108     Chapter 8    
his One Sacrifice, "once for all," fully redeemed time, but not by
condemning, destroying, or refusing it -- as if something were wrong
with it.
      Thus, if 'private' work or prayer is understood covenantally, that
work or prayer can not consist of a set of 'assignments' which God has
on a list somewhere, which we then 'freely' fulfill.
      We need to remember (to requote part of the passage this chapter
began with) that Fr. Keefe says quite explicitly that "neither the Event
nor the response can be subsumed to any necessity whatever, whether
in God or in man."
      To put this in a simple, homely fashion that nonetheless tries to be
true to Fr. Keefe's thought:
'private' work or prayer has to be a complete surprise,
even to God Himself, or it is not covenantal, not free.
      A covenantal understanding of Man's freedom is thus consistent
with St. Paul's extraordinary remark. Even though Man is subordinate
to the Triune God, the freedom Man has in Christ is not a subordinate
type of freedom. Although that statement might be vigorously disputed
by centuries of Catholic theology, we do have some words in St. Paul
that are not too easily explained in the absence of a thoroughly
covenantal understanding: Man in the New Covenant can literally
complete "what is lacking" in Christ's afflictions.
      This "completion" quite obviously has to occur as creation ex
nihilo. For  how could Christ's afflictions be "lacking"? There is no
reason for Christ's afflictions to be "lacking" in any way. In fact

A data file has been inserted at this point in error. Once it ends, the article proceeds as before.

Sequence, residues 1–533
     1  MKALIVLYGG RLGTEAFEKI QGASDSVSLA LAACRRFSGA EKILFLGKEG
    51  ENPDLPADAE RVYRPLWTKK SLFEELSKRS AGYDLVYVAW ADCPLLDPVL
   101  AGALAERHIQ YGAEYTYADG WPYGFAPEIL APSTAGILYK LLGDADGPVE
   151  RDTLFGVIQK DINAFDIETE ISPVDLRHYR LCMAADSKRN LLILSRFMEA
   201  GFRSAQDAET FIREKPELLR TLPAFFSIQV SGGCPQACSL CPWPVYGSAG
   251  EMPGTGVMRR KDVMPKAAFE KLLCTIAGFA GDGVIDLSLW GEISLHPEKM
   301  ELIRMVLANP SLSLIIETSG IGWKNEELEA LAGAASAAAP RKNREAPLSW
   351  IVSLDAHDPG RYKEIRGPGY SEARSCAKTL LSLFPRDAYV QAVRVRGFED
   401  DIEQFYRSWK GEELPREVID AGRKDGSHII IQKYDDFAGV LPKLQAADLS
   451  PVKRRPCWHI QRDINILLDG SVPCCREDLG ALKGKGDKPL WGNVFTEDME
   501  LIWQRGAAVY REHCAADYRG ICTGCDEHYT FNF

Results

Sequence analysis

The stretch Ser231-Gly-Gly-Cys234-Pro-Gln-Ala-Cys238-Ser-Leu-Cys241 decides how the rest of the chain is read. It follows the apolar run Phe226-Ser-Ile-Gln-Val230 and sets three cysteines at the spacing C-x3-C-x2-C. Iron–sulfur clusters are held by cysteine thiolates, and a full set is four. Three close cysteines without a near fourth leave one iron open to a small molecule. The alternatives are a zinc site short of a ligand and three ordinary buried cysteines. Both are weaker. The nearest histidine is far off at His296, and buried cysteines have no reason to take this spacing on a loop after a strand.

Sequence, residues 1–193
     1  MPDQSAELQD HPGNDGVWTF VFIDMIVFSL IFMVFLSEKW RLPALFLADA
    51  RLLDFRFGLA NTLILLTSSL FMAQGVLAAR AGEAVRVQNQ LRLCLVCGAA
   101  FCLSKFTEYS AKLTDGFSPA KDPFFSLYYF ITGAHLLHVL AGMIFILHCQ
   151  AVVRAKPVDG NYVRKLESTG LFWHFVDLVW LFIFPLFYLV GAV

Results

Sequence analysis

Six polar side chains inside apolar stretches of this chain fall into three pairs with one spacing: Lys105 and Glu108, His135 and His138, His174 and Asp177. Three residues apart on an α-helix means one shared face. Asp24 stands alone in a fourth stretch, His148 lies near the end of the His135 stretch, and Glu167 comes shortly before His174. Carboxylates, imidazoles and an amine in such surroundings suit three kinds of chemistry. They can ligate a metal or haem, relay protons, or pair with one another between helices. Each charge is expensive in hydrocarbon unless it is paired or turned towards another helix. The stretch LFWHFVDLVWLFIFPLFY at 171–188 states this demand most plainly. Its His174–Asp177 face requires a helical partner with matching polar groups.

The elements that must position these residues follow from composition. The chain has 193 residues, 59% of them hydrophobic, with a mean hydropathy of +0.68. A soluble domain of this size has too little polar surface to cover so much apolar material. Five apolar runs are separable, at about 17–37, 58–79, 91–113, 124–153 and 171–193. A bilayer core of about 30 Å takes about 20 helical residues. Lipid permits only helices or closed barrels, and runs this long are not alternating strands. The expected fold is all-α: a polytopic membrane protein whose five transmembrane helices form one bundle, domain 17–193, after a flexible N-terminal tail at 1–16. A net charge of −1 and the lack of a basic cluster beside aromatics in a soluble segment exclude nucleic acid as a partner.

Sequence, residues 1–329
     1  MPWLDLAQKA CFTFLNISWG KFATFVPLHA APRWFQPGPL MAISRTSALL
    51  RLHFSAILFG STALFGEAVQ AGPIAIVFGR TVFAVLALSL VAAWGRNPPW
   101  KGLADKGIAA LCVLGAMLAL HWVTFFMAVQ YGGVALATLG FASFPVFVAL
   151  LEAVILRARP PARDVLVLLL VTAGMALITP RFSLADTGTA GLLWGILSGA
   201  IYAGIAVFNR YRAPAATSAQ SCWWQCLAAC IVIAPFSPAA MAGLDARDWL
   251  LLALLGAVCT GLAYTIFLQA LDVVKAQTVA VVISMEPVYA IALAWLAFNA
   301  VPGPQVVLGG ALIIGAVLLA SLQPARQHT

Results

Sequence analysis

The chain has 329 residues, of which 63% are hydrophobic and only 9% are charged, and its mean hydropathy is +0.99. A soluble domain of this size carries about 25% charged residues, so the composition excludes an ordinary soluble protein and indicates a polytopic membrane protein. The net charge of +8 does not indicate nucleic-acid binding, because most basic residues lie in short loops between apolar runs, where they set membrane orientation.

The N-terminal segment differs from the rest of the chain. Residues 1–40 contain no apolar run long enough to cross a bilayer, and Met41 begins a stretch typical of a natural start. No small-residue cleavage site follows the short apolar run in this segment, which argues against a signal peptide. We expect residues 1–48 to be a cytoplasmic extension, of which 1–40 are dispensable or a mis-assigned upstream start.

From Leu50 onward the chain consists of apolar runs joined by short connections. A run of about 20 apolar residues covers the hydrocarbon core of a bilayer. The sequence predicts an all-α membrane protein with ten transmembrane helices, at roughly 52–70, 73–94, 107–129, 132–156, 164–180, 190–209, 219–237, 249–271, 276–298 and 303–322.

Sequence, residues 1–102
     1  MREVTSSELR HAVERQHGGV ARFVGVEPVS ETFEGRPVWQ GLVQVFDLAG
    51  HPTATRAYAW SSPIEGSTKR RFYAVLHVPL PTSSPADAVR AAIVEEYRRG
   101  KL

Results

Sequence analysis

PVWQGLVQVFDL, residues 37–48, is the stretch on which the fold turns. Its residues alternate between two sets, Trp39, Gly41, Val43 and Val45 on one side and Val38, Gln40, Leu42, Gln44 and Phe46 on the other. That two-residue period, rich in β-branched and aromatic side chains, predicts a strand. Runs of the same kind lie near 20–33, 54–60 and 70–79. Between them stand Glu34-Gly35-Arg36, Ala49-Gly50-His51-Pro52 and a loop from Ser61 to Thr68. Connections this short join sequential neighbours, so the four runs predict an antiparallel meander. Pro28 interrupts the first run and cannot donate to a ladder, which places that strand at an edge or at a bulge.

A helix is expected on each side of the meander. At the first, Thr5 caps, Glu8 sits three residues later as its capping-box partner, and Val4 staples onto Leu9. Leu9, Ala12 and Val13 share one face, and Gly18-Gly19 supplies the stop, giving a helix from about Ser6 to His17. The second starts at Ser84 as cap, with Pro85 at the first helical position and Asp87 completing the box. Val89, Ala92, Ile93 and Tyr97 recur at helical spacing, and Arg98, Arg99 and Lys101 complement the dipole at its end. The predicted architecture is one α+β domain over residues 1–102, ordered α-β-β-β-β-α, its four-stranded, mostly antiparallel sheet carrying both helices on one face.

Christ's afflictions are not lacking in any way. This demands that St.
Paul "complete" them out of a creation ex nihilo, which, as we
mentioned in the previous chapter, also means "out of no necessity."
      There is no reason for the Savior's afflictions to be "lacking."  St.
Paul's "completion" can not in any way be called for or even remotely
predicted from the previous situation -- yet it is real.
      In other words, it is complete surprise completely intelligible -- a
genuine mediation of grace. Therefore, and retrospectively, since St.
Paul's "completion" is real, Christ's afflictions are "lacking."
      Although Fr. Keefe does not use St. Paul's statement as an
example, the train of thought just above is consistent with Fr. Keefe's
thought, which (again to requote part of the passage quoted at the
beginning of this chapter) is: "nor can we furnish any antecedent
account of the prior possibility of the Event or of the response: both are
given ex nihilo sui et subjecti . . . ."  Note: the response too is given ex

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